Digital strategy must become more agile. So taking a cue from the Google Ventures sprint model, I recently ran a strategy sprint with a key client.
The goal was to create a Minimum Viable Strategy, after which the UX team would prototype a Minimum Viable Product. Over a week, we held four workshops, breaking down the key elements of digital strategy into bite-sized chunks. By Day 5, we had a finished blueprint to guide the UX/dev team as they began their own sprint week.
These were the lessons learned:
1. Collaboration = decisions
Our client was fully committed to the collaborative process. This was crucial – being able to lay out the big business issues, and openly discuss them, meant decisions were made quickly and we could move on.
2. Have key stakeholders (literally) at the table
All key stakeholders were present at every workshop. They made a significant contribution, and their participation ensured agreement on the final approach.
3. Limits are good
There’s a lot to be said for a time limit. It forced us to focus, with no room for diversions or fluff. The resulting strategy was tight and on point.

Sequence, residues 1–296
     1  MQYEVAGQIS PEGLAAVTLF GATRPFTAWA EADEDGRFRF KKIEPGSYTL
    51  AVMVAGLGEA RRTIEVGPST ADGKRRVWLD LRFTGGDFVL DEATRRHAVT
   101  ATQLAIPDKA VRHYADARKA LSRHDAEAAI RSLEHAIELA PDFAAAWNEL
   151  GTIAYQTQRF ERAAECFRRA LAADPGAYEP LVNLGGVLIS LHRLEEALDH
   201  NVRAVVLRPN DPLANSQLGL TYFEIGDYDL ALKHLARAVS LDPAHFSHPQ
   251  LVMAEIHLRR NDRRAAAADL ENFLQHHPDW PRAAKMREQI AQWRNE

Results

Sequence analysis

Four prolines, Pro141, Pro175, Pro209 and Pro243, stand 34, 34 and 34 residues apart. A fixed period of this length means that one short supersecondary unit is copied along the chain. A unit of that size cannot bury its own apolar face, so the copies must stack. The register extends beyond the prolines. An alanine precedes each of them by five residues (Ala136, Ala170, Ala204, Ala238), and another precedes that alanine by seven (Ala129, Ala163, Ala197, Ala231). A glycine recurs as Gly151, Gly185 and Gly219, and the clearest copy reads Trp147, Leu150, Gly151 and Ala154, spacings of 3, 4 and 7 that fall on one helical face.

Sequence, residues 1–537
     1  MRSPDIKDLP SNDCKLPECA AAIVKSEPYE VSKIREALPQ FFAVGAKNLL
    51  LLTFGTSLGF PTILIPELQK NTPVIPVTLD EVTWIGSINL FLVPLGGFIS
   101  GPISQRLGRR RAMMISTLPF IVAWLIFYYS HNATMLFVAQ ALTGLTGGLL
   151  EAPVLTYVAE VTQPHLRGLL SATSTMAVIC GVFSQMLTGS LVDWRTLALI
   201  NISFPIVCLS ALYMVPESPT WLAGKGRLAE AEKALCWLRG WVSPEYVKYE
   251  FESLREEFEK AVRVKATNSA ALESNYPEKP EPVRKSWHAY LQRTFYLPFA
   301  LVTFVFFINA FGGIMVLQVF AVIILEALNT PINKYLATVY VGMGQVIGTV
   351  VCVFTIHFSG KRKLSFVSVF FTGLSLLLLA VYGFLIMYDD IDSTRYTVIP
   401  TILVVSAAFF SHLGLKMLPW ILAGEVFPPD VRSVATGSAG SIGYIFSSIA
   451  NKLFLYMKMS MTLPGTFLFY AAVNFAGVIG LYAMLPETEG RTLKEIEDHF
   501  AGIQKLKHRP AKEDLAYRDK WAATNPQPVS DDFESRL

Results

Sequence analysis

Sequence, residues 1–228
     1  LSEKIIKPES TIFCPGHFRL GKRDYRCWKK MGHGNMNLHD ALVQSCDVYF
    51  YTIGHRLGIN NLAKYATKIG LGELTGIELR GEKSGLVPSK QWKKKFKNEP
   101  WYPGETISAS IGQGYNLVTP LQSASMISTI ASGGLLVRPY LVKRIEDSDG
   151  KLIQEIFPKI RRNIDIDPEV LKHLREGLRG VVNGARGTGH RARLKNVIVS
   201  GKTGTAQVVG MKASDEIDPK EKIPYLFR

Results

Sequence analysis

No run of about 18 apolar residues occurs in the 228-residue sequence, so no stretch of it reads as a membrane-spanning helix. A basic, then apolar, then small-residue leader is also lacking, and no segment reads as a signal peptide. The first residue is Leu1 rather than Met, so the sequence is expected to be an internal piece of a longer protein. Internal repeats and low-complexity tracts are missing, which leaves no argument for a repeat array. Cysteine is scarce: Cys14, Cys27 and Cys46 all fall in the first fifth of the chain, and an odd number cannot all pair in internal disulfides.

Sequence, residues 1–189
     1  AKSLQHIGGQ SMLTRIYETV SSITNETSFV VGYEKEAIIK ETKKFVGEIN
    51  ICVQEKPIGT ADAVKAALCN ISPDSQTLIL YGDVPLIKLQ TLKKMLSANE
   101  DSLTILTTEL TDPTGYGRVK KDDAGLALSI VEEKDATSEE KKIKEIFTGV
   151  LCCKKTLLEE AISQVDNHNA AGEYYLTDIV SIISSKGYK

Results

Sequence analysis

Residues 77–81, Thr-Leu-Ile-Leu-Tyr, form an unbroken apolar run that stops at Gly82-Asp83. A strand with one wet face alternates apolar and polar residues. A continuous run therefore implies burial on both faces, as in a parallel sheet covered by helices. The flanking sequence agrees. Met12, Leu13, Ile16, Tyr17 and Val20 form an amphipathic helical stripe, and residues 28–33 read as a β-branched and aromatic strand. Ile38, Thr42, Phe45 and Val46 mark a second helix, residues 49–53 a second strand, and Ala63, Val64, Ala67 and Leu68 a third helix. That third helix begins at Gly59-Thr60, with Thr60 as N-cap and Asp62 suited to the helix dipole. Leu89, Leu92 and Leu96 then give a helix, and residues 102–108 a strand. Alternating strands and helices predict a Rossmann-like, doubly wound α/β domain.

4. Turn thinking in to doing
They say a strategy never survives contact with reality. So why not test it asap? A few days after the sprint, the strategy had been tested by real users with UX prototypes. It held up well, and though we’ll make some refinements, it was a great start.
5. Involve UX
There’s now so much overlap between strategy and UX, it’s vital to have them in the room, particularly for the audience and content pieces. Plus it meant our UX team were familiar with the strategic approach as they began brainstorming how it could be realised.